I remember the first press conference, the Jumbo Visma one, remember seeing Roglič come on screen with Merijn Zeeman and Robert Gesink, watching him put a Heineken 0.0 on the table and crack it open. I’ve spent so much time with Roglič — perceiving him as a subject — that, by this point, I’m very good at discerning when he’s doing a bit. Not very many press folks are as amused by his antics as I am (in fact, most of them seem to dislike him, for fairly understandable reasons), but in that moment he was definitely doing a bit, and in that moment, I was thankful for it. Swept away in that sea of unfamiliarity, much of it overwhelming, at least one thing was familiar: Roglič and his bits, his non-answers, his poised, outward facing stoicism. Roglič, to whom I owe my legitimacy, to whom, in some way, I owe all of this.
I expected the team presentations to move me, but that was before the organizers situated them in an industrial straightaway instead of some resplendent city square; that was before the breakdancing French children came on. A bird shat on the guy sitting in front of me. I took terrible pictures of the riders for my friends in order to stave off the urge to take pictures of them later.
However, from the presentations, there are some takeaways. I didn’t realize how small Mark Cavendish was until I saw him there next to Tim Declerq on stage. Stefan Bissegger is built like a brick house, utterly square. Julian Alaphilippe smiles with his eyes. Wout van Aert is tall, like, really tall. When Roglič came on — good old familiar Roglič — and did his Uhhh yeah bit on stage, I tried so very hard not to laugh. One rider, however, was particularly striking to me in person: Tadej Pogačar. On camera, Pogačar appears shy and adolescent, when, in reality, he carries himself like a boy prince. There is a regal, benevolent quality to the way he stands, slightly leaned back, his shoulders relaxed, his limpid eyes peering out at all of us. He is ethereal. He has a discernible aura that can only be perceived when he is right in front of you. Many people refer to him simply as ‘the boy’ — and when spoken the moniker takes on a sheen of bewilderment.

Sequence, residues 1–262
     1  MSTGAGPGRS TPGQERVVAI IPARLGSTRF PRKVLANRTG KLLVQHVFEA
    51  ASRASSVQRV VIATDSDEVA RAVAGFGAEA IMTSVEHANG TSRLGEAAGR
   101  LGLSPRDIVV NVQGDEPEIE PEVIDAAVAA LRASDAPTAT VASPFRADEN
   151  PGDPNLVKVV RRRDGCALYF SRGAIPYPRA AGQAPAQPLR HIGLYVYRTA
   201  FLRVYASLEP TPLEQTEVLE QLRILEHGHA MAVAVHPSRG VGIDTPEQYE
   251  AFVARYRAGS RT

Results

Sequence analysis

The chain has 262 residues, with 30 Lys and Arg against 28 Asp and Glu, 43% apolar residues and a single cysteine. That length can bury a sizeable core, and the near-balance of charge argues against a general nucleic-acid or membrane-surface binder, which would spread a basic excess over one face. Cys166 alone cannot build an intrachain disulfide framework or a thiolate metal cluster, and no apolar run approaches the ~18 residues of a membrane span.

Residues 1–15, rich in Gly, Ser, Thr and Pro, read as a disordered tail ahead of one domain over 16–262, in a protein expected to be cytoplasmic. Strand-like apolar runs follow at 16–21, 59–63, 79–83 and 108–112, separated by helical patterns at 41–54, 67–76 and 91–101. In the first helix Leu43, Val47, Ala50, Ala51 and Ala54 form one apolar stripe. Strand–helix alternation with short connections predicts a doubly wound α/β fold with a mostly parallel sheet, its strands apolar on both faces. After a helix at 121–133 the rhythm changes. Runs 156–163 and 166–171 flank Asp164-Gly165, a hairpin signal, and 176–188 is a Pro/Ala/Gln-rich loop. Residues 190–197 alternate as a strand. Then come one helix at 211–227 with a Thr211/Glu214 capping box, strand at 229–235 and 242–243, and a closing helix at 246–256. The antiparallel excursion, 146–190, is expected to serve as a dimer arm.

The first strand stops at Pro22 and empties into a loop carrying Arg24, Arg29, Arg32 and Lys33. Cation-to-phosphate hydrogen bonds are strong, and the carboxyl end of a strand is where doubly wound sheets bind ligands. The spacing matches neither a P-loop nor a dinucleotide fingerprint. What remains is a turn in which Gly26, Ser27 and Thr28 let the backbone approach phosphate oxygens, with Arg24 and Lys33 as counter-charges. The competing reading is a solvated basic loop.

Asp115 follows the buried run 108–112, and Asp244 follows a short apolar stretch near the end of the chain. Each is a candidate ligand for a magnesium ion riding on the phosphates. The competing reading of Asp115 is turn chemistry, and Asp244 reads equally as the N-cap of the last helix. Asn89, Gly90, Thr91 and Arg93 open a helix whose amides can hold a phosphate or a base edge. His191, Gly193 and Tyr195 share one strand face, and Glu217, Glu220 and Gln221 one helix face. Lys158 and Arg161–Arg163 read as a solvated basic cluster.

On my way back to the car, I was walking with Richard when we saw van Aert and Roglič riding up the hill back towards the team busses. I took at my phone to film them in order to send a video for my friends for clout, but that plan fell to pieces when Roglič smiled and waved to me and said hello, surprise on his face. I dropped my phone, smiled and waved back. (You can hear me go, “heyyyyy” in the background of the botched video.) All this time, I admit to thinking that he wouldn’t remember me, even though we’d had so much to say to one another. But he did, instantly, with warm friendliness. Something about that makes the rest of this feel easy even though I know it will be difficult — everyone keeps telling me so. By the end of the third week, you’ll hate the Tour de France. I don’t think that’s true, though time will tell. Perhaps this will look hilarious when I get to the third week and my newsletter reads I’m dying, when will this infernal circus end? However now, in this moment, I don’t think I could possibly hate this.
Right now, I don’t think the wonder — the magic — is ever going to wear off.